For SOME Indian Chiefs – Your claims violate Your Traditions
I grew up in Black River Falls, Wisconsin, where a large Winnebago Reservation is located, across the Black River from my Great-Grandfather’s Homestead.
He was a good man and saw no reason that the Natives should not continue to come and go and enjoy the land as they always had, and as it happened, his Homestead claim included the Winnebago Summer Hunting Grounds.
So, every summer, they came from their Winter Camps and they continued to share the land with him and his children. He gave them store goods and they gave him wild game and other presents in exchange. It was a good life and peaceful and everyone loved each other. They gave him a Winnebago name. He gave them English names.
And then the Government got involved and said that the Winnebago People had to stay on the Reservation land— basically turned it into an internment camp. They also said that no Winnebago could buy land outside the reservation, so they were stuck living in this little insular community, cordoned off from the rest of the populace, rendered unable to continue their traditional lifestyle and economy, left destitute and forced to conform to all manner of government regulation.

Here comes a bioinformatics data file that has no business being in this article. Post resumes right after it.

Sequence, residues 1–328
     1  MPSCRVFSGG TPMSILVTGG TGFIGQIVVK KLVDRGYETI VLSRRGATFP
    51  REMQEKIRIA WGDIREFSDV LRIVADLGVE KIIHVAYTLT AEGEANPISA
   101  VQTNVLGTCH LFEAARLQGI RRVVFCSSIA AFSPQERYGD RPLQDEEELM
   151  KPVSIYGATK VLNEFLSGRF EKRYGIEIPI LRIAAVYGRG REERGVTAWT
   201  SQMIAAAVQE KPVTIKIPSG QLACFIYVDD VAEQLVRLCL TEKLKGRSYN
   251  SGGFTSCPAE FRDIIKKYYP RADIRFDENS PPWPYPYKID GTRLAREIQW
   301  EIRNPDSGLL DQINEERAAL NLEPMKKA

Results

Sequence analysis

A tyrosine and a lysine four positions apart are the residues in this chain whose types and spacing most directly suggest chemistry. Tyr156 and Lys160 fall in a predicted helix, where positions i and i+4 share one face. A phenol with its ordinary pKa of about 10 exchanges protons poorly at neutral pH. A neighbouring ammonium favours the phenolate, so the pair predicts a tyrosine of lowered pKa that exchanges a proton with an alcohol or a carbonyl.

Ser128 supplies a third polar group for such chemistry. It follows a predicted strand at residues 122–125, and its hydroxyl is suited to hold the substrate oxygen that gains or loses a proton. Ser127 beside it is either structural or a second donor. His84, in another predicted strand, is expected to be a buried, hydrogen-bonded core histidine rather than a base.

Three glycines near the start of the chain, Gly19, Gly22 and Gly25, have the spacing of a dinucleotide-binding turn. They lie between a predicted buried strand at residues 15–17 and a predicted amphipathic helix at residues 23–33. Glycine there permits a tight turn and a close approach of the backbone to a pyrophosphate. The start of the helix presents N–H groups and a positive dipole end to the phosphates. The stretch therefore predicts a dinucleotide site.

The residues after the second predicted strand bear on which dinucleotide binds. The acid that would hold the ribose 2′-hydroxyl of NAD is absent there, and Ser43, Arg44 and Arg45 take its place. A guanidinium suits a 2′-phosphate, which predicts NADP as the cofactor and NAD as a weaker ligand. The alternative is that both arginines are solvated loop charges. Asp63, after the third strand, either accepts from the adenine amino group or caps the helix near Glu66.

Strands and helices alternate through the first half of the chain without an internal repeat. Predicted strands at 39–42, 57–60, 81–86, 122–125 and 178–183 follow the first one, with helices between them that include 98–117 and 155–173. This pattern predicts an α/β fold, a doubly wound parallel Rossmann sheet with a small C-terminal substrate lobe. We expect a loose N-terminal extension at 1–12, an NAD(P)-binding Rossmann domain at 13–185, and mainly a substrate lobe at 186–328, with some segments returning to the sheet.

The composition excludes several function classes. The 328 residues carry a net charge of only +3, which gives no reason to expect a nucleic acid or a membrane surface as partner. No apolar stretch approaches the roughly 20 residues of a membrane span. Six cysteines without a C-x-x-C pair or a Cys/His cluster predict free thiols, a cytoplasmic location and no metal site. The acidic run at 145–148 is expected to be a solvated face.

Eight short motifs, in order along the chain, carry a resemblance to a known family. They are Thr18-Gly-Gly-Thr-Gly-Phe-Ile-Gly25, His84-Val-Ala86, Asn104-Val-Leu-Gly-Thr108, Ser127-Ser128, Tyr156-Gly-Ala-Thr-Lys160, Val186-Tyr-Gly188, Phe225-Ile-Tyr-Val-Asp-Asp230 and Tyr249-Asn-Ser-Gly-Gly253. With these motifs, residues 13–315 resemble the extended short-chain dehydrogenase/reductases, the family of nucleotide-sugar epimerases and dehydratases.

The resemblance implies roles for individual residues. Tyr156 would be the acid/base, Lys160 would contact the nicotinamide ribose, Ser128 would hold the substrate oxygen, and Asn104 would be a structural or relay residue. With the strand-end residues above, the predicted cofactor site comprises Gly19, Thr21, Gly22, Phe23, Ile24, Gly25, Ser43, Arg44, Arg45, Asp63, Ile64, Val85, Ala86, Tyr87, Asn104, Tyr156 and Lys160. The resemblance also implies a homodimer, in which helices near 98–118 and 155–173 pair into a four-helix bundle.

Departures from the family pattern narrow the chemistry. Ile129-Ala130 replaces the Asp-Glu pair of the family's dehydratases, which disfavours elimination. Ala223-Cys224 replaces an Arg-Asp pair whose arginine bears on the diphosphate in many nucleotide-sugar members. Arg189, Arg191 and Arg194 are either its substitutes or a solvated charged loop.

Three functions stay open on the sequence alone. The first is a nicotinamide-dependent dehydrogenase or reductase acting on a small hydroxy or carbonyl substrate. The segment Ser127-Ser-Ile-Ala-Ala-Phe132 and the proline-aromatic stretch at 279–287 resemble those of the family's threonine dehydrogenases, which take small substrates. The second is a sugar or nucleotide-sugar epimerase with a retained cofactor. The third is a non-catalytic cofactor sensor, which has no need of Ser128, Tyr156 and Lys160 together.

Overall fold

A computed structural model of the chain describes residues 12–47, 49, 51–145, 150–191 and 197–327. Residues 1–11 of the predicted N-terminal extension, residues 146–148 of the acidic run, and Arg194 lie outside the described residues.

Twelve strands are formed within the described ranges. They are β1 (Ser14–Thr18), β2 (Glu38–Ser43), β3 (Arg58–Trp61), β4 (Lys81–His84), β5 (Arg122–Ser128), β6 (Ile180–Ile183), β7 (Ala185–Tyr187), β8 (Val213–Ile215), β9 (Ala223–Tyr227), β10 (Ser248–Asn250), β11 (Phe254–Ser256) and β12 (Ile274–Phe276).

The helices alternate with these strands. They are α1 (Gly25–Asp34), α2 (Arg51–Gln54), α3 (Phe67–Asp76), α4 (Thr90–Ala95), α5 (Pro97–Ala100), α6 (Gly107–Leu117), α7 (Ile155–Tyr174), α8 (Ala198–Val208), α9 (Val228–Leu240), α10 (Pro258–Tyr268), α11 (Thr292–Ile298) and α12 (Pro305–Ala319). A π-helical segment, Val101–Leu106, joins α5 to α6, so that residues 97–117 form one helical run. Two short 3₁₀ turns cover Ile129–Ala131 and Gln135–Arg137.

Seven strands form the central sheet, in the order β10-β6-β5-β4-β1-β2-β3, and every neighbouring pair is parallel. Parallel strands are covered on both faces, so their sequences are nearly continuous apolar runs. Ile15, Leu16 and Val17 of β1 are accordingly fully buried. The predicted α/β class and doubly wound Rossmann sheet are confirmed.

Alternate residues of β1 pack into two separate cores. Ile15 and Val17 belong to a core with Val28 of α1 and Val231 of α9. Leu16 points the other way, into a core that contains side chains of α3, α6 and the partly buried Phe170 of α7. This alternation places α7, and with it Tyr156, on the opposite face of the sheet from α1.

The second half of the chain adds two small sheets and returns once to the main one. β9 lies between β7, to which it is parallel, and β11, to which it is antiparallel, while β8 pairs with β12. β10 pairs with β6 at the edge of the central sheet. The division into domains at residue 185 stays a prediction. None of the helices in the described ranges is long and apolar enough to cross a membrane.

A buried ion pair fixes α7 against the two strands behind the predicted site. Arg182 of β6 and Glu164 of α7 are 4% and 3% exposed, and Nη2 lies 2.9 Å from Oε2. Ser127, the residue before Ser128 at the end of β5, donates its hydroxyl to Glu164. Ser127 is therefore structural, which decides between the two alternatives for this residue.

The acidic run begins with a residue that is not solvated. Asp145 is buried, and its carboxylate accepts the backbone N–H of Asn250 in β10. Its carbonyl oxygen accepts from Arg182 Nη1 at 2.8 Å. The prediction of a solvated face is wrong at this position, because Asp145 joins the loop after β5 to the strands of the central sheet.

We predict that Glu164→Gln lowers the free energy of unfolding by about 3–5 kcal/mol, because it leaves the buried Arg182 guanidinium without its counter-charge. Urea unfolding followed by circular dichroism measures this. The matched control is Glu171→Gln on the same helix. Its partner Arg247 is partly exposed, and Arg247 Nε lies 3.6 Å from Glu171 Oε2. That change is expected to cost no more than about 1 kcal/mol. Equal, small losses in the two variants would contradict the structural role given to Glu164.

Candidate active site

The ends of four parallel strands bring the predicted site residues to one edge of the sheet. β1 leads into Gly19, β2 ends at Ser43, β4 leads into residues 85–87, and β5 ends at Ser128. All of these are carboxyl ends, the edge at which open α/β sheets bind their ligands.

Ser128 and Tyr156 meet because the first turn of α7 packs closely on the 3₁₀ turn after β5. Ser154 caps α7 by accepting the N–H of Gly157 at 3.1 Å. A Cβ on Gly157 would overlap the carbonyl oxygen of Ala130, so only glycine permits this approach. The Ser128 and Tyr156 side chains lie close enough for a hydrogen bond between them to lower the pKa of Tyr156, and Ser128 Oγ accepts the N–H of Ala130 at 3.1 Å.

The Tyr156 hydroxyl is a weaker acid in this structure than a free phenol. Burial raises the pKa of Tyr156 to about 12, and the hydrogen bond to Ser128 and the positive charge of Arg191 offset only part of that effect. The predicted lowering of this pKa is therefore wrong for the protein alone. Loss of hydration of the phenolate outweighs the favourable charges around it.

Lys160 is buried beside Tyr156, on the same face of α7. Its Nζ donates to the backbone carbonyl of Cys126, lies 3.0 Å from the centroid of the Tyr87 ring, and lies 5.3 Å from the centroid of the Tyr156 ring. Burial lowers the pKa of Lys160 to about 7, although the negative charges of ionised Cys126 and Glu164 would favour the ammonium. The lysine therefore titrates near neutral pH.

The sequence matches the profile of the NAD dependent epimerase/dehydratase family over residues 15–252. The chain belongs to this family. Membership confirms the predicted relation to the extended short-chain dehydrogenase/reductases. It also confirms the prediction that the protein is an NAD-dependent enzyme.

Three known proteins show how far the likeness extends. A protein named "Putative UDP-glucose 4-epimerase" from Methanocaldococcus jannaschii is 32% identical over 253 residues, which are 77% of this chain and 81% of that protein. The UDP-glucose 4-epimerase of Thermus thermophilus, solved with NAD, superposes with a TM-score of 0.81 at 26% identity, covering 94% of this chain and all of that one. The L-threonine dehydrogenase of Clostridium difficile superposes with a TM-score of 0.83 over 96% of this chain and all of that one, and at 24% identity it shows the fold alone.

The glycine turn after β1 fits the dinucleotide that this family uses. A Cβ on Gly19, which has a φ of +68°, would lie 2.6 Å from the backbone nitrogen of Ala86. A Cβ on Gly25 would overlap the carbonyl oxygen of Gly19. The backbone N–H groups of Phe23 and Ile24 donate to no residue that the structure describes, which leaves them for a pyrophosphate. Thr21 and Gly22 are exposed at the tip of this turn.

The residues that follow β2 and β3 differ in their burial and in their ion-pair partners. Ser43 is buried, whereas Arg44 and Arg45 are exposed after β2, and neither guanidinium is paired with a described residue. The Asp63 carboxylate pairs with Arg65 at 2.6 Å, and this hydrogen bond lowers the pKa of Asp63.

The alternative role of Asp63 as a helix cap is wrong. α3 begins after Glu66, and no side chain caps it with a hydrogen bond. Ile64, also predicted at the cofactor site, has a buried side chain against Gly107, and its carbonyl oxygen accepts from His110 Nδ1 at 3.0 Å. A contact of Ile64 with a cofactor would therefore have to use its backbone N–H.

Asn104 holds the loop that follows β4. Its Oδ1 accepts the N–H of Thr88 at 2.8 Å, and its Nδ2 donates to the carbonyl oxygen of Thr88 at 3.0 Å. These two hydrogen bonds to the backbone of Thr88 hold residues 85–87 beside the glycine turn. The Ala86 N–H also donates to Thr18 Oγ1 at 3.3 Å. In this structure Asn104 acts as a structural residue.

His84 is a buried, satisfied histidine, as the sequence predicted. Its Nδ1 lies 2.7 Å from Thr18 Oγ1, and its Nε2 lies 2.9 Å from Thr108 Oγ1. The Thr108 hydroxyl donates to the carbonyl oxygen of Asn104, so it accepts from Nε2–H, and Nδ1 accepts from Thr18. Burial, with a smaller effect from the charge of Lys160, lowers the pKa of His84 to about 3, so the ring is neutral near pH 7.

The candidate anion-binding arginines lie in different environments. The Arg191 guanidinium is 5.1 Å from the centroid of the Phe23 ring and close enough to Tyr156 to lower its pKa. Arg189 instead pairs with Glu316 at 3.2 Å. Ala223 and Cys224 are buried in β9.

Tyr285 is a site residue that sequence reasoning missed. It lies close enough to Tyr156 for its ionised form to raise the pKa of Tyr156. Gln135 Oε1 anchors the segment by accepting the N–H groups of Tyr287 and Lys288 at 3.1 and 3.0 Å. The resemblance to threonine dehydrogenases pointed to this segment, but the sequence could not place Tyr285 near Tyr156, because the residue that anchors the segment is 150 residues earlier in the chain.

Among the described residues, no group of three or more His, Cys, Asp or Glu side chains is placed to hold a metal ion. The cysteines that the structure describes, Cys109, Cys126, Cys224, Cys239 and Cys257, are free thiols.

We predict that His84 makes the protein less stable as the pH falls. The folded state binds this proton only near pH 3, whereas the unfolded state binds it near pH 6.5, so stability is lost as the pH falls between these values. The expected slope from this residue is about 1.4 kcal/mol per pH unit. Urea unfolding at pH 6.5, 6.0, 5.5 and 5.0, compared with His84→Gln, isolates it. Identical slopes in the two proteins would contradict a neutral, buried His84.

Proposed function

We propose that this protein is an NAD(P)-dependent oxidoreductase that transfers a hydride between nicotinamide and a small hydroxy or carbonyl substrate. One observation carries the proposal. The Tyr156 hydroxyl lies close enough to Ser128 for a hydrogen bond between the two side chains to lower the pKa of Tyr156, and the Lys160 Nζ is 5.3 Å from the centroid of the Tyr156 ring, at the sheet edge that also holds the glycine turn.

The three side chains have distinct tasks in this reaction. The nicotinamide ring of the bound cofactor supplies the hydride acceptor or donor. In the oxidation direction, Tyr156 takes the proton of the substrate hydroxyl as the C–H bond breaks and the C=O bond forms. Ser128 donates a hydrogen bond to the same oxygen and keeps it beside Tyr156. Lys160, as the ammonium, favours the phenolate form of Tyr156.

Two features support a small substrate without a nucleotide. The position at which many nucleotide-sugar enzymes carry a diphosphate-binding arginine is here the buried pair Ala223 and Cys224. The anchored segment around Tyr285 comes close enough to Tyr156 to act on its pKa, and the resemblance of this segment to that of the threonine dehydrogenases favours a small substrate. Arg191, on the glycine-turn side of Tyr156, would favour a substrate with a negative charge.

When I showed up on the scene a hundred years later, the infamous era of the BIA Indian Schools was just ending. As I grew up my Mother told me the whole sordid tale of what the government had done to the Indians. We maintained our links to family friends in the tribe despite all that. I was adopted into the tribe, like my Great-Grandfather and Grandfather and Mother and Aunts and Uncles before me.
Just in the course of sharing life with people, you get to know them— their strengths and weaknesses, their gifts, their sense of humor, their beliefs, their traditions. It becomes part of you, too, part of your own world view.
Part of what we learned in our long association with the Winnebago was their view of land ownership.
The Winnebago, like all the other tribes I have ever known, say that “Nobody owns the land, the land owns us.”
This is a simple matter of fact and observation and it is also clearly stated in the Christian Bible from the direct words of God, no less: “Dust thou art and to dust returneth.”
We come from the land and go back to the land, so it is no great feat of logic to conclude the limits of our tenancy of this little plot of land we call “me”— much less the limits of any dominion we establish on the Earth.